Bob Brown speaking at the Styx Rally, 2003
Robert (Bob) Brown (b 1944), world-renowned environmental campaigner, social justice and peace advocate, parliamentarian and leader of the Australian Greens. Born in Oberon, New South Wales, the son of a country policeman, he graduated in Medicine from Sydney University and moved to Tasmania in 1973, where in search of the Tasmanian tiger, he developed an enduring passion for Tasmania's wilderness and campaigned to save Lake Pedder in south-west Tasmania.
Bob became a member and political candidate of the United Tasmania Group in 1973–74 and in 1976, with others, founded the Tasmanian Wilderness Society. From then until 1983 he led the campaign to save the Franklin River, during which he was arrested and gaoled. He has devoted his life to saving wild forests and wilderness places and to campaigning for social justice and peace throughout the world. His opposition to the visits of nuclear ships, to the 2003 war in Iraq, together with his condemnation of the Chinese occupation of Tibet and the Indonesian occupation of East Timor and West Papua, has given hope to all fighting for self-determination.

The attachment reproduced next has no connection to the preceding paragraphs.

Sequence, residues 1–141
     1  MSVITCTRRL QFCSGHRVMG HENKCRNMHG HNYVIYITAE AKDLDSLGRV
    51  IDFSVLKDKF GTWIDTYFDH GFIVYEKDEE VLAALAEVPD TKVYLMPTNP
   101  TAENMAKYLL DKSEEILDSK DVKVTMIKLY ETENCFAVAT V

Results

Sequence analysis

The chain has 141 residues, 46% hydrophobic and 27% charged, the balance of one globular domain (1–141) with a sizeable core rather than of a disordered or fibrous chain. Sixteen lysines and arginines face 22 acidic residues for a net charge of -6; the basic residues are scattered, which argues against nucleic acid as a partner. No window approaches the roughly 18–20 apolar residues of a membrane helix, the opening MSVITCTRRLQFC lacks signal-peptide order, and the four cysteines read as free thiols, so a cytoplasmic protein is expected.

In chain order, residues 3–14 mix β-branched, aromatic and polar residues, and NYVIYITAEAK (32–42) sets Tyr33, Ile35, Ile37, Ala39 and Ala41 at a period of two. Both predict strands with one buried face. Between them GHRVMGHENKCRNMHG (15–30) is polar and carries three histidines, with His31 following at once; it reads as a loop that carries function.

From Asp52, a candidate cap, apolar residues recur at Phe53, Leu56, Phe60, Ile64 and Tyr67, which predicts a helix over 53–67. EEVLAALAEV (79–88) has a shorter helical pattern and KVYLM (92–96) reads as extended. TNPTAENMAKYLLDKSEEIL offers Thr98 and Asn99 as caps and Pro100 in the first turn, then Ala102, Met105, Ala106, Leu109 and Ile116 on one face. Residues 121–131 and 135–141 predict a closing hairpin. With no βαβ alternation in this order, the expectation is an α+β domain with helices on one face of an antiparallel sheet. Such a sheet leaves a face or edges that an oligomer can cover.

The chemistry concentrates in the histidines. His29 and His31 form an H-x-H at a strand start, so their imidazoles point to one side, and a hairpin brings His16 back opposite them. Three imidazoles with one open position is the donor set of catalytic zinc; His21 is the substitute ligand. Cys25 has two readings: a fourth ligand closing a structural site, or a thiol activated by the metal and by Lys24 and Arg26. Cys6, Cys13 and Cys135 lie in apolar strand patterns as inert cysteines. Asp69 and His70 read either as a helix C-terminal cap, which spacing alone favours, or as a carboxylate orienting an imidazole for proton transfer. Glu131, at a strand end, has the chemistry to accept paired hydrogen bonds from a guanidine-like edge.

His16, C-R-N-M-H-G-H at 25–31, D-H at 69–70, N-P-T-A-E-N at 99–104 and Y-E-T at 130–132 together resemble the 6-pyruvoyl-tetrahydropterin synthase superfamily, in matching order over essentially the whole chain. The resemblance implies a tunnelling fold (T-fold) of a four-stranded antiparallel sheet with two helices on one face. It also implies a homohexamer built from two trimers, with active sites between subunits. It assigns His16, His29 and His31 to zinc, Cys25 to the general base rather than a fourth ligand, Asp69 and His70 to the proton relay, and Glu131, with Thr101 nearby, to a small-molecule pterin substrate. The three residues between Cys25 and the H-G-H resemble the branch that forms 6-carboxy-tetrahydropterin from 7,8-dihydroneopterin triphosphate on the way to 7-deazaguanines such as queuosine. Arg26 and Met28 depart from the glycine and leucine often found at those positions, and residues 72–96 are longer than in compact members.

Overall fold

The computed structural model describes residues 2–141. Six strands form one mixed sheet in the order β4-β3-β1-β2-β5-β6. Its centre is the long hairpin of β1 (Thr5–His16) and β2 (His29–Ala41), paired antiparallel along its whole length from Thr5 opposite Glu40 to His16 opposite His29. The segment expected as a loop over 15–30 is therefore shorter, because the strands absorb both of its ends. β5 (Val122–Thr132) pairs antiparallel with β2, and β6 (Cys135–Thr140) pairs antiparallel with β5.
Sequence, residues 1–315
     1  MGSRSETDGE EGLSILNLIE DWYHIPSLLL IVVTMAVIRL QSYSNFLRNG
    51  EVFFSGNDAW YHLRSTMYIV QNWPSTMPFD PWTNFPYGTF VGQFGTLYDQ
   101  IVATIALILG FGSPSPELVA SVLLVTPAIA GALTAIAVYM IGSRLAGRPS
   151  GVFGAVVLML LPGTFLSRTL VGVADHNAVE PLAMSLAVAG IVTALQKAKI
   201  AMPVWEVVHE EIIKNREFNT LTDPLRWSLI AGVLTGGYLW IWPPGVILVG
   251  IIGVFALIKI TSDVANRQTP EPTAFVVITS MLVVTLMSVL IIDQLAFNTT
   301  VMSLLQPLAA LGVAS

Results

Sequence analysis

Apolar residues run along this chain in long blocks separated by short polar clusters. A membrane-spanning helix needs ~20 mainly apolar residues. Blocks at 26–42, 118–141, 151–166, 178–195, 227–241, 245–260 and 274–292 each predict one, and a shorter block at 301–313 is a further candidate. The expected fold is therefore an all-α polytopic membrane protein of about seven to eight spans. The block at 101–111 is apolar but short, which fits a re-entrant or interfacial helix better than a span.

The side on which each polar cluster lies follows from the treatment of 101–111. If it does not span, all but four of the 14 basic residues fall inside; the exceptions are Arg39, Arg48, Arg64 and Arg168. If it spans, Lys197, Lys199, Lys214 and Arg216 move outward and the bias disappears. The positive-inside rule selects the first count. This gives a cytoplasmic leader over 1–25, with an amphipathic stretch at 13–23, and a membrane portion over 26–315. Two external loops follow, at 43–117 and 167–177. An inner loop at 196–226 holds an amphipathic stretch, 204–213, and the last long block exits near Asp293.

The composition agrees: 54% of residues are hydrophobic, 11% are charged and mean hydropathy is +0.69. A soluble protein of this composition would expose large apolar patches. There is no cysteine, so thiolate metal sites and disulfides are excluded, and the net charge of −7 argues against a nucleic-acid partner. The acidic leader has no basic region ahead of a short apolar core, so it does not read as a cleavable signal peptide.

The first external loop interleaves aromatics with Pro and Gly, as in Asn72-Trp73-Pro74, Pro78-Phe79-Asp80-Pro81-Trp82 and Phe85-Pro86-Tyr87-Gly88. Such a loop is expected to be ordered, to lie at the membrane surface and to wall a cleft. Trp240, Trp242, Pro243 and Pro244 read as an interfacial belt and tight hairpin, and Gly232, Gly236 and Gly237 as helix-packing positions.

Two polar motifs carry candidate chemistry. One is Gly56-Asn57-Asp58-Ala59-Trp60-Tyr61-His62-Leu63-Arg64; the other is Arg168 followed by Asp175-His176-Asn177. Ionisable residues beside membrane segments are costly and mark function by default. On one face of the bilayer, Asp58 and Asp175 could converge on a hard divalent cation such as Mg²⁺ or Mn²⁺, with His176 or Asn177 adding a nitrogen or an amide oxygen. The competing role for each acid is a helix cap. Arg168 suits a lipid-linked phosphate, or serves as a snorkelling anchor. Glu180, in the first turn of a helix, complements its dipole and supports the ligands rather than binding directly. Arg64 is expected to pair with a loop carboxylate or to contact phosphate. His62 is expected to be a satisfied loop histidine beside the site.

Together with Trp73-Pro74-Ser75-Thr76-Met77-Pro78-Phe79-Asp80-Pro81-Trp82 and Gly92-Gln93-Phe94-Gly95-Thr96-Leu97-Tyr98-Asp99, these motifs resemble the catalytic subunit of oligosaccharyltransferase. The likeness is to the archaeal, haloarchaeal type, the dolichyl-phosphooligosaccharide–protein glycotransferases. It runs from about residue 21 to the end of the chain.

A driving force behind Green politics in Australia, Bob represented Denison in the Tasmanian Parliament from 1983 to 1993 and was elected to the Australian Senate as the leader of the Australian Greens in 1996 and 2001. He was appointed to the United Nations Global 500 Roll of Honour in 1987 and was awarded the Goldman Environmental Prize (USA) in 1990. In 1983 he was Australian of the Year. He has a property on the Liffey River under Drys Bluff in the Great Western Tiers, and founded the Australian Bush Heritage Fund to purchase land for conservation.
Further reading: C Pybus & R Flanagan, The rest of the world is watching, Sydney, 1990; B Brown & P Singer, The Greens, Melbourne, 1996; J Norman, Bob Brown, Sydney, 2004.